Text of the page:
The first model is the chase. Either the PCs are chasing someone/something, someone is pursuing the PCs, or both. A campaign where the PCs are chasing someone gives the GM a certain measure of control concerning where they go next, but that can limit the PCs if they hear about somewhere else interesting that they want to see. Being chased can be bad for keeping the group together. Eventually some PC will decide that tracking two/three/however many separate will be harder for the pursuer and odds are the group will splinter. A combined model of the chase solves the problem of the party splitting, but still has the problem of the party feeling led by the nose.
Second is a quest campaign. For quests either the PCs are going somewhere known and distant, going somewhere unknown and assembling clues, or doing a rod of seven parts where they need to visit multiple locations. Going to a known, but distant location allows the PCs to chart their own course with stopovers of their own choosing. It also means that they could avoid interesting parts of the setting, because neither PC or player know that their interesting. A quest where clues need to be assembled requires a certain amount of existing setting knowledge and runs the same risks as any game that relies on solving mysteries (too many clues, too few clues, bad rolls, strange logical leaps, etc.). Collecting pieces from multiple locations will get the PCs around the setting and lets them pick the order of travel, but cuts down on their ability to take side trips to places that sound interesting.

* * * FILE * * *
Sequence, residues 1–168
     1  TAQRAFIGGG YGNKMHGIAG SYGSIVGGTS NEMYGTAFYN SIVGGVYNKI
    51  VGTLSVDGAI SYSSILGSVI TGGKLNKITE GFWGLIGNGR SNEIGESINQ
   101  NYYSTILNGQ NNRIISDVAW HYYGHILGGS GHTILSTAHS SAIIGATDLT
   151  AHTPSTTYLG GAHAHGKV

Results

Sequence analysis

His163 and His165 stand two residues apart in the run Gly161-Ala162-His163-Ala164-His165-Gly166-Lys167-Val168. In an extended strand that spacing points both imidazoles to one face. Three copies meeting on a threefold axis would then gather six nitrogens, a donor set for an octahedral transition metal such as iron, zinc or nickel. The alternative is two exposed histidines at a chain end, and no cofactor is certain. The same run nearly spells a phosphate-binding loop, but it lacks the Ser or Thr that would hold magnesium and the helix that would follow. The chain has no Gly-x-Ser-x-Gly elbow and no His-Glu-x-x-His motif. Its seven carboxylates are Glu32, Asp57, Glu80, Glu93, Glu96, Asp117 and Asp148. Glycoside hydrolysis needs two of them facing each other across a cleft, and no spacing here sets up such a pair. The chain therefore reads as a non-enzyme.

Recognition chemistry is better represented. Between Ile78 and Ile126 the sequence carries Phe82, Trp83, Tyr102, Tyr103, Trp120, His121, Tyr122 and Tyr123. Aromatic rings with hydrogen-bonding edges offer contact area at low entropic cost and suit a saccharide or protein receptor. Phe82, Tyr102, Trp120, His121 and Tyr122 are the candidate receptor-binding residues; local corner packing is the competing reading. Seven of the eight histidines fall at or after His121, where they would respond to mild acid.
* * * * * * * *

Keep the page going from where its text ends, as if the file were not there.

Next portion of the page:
The last model is one where all PCs are part of one group and have a superior (or superior force) that just sends them places. This will let the GM send the PCs to what the GM considers the high points of the setting, but it limits the range of logical PC types and/or prevents almost all opportunity for side trips. (Sliders had a range of character types, but none of them had control on where they were going.)
Balancing player agency with player ignorance in a new setting is a difficult thing. Does anyone have a technique or model that as worked consistently when showing players a completely new (to them) secondary world?